Discussion: Lessons Learned and Implications

The meta model in the previous section has shown that enterprise modeling

in fact provides a rich conceptual framework into which strategy analysis concepts can be embedded in meaningful ways. Below, we discuss key insights and

implications for future research that have emerged during this conceptual study.

Implicitness of the Strategy Concept. It is an interesting observation that

although all considered tools are intended to aid strategic reflections in one

way or another, no tool introduces an explicit and clear concept of ‘Strategy’. In

consequence, when intending to design a DSML for strategic support, it needs

to be clarified whether it makes sense to specify a distinct ‘Strategy’ modeling

concept at all or whether strategy should be regarded as an abstract notion that

emerges from a set of other modeling concepts. This is related to the next issue.

Conveyed Perspectives. While no considered tool provides an explicit strategy

concept, all of them, by virtue of their tool-specific concepts, convey a specific

notion of what is relevant for strategizing. In general, it can be concluded that

many of these concepts are domain-specific in nature. This contrasts with classical general-purpose decision modeling approaches, which exclusively provide

generic concepts like ‘alternative’ (see [44]). Two more specific points follow.

First, in line with the theoretical strategy discourse (cf. Sect. 2), it appears that

strategy can in fact be regarded as a multi-perspective construct, irreducible to

a single real-world aspect. Using Berger and Luckmann’s words, strategy might

be understood as “an object of thought” which “becomes progressively clearer

with this accumulation of different perspectives on it” [45, p. 22]. Second, when

thinking about support for strategic decision processes, it follows that each tool

will direct attention at certain real-world aspects and of necessity neglecting others. In fact, this is an important pitfall inherent in model-based decision aids in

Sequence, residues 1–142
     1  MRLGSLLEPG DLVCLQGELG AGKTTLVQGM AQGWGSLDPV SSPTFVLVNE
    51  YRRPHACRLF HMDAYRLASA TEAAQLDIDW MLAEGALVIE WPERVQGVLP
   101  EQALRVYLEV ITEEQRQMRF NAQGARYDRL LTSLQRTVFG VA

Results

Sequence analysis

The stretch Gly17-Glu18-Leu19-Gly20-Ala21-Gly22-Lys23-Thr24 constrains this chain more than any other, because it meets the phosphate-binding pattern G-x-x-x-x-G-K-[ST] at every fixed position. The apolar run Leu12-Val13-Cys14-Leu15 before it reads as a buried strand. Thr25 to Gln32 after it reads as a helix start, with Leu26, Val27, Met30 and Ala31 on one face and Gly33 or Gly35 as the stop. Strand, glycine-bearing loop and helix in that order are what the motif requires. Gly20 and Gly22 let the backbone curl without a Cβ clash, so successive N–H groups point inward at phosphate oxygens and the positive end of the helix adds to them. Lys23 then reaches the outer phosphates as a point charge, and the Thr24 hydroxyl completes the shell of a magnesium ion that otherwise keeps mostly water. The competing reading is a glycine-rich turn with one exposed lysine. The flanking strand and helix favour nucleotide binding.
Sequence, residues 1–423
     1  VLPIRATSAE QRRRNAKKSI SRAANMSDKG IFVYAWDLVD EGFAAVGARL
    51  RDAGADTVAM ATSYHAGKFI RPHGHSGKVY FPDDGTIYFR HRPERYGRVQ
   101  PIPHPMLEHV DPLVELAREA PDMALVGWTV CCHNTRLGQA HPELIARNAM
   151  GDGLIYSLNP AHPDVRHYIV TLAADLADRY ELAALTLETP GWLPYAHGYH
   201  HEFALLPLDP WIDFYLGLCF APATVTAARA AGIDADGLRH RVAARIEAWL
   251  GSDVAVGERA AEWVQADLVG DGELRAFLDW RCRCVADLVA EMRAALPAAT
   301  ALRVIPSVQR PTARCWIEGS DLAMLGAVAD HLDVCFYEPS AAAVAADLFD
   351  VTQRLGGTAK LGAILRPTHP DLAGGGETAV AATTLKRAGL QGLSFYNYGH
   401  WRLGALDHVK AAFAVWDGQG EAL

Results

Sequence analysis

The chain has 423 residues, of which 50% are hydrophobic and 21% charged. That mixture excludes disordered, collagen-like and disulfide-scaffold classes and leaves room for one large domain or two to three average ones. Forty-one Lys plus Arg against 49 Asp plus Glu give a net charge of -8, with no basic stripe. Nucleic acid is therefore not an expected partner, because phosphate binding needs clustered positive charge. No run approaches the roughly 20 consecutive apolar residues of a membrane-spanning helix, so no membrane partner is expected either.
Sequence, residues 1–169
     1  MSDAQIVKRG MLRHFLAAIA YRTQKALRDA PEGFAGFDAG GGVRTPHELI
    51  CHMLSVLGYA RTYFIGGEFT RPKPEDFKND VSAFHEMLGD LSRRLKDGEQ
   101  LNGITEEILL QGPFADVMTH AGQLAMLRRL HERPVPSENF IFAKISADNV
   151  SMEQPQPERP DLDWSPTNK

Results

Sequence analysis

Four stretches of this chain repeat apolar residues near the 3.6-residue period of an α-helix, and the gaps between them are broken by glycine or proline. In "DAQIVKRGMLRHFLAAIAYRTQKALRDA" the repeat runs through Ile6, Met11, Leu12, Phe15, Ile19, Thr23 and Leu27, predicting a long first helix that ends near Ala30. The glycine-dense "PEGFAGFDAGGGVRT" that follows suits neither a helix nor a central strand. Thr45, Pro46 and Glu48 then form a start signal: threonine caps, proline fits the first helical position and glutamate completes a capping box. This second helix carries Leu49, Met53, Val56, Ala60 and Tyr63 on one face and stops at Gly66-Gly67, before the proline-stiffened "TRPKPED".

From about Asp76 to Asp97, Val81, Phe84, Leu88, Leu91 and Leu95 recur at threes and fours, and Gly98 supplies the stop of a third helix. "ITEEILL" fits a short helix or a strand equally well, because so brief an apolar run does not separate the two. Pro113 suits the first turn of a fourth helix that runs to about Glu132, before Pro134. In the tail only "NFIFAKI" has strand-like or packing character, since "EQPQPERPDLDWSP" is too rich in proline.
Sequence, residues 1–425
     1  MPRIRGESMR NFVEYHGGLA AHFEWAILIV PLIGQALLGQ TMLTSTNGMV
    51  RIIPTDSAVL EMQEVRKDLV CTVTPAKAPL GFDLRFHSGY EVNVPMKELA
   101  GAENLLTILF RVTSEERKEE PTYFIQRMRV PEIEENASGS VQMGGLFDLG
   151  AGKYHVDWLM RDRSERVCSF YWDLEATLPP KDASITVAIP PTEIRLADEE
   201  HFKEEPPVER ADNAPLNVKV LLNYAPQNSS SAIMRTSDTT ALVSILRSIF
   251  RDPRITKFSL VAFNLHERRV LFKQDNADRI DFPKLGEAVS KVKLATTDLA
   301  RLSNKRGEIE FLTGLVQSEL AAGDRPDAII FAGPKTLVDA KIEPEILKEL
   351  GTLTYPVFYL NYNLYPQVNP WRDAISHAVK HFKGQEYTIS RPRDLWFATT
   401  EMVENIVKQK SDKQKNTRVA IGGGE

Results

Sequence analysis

general (see [46]). The practical implications are significant because, as has been

discussed in Sec. 2, problems considered in strategic decision processes are in

need of constant (re-)interpretation and (re-)formulation. Overreliance on single

tools might thus lead to a neglect of important aspects (for example, a Value

Chain will by definition not be able to systematize strategic goals). In consequence, researchers should devote attention to a modeling language design that

Towards Support for Strategic Decision Processes Using Enterprise Models


fosters a reflective account of multiple perspectives on strategy and and strategic

problems. At the same time, language concepts for different perspectives should

nonetheless be integrated—to be able to analyze dependencies among them.

Significance of ‘Qualitative’ Aspects. As a further issue, many concepts in strategic planning seem to resist a convincing characterization through attributes. This

seems to occur because, from an ontological view, these identified concepts relate

to qualitative judgments rather than to (real-world) objects whose state can be

distinguished. When considering the meta model (Fig. 2), this is reflected in the

many attributes with the data type ‘OrdAssess’, which is supposed to enable a

judgment on an ordinal scale. With respect to language design, the issue suggests

to develop conceptual means that stimulate a critical review of values assigned

to evaluative attributes to avoid misleading models.

Need for Theoretical Reconciliation and Clarity. The analysis has shown that

any attempt to design a DSML for supporting strategic reflections needs to

conduct significant conceptual and theoretical groundwork in advance. First,

this relates to the inherent conceptual vagueness of the domain (cf. Sects. 2 and

3.2). Beyond the examples considered in the meta model (Sect. 2), it would be

necessary to clarify a number of further key terms in the domain (e.g., ‘strategic

plan’). A second implications concerns the clarification of theoretical claims. It

is important to critically consider to what extent theoretical hypotheses in the

strategy literature should be accepted for the desired modeling language.

Tool Support. Finally, the meta model indicates how tools for enterprise modelling could be enhanced with components for strategic planning. For this purpose, the multilevel approach used to specify the meta model seems to be especially promising. Since the underlying architecture allows for a common representation of models and code [43], it can be used to integrate an enterprise

modeling environment with enterprise software. Such a ‘self-referential enterprise system’ [47] could enable the runtime monitoring of strategy execution.

This would, however, first require to tackle the above-indicated challenges for

the development of a comprehensive DSML to support strategic reflections.



Strategic decision processes are thought to significantly affect an organization’s

long-term success, motivating the development of strategy analysis tools. In this

paper, we have conducted a conceptual analysis of popular practical tools, reconstructing their key concepts in the form of a meta model and exploring potentials

for the integration with enterprise modeling. The study has yielded several contributions. The presented meta model outlines how enterprise modeling could

be enriched with concepts for strategic planning, while conversely showing a

way of augmenting strategy analysis tools with relevant context. Furthermore,

the analysis has revealed a number of challenges as an orientation for the future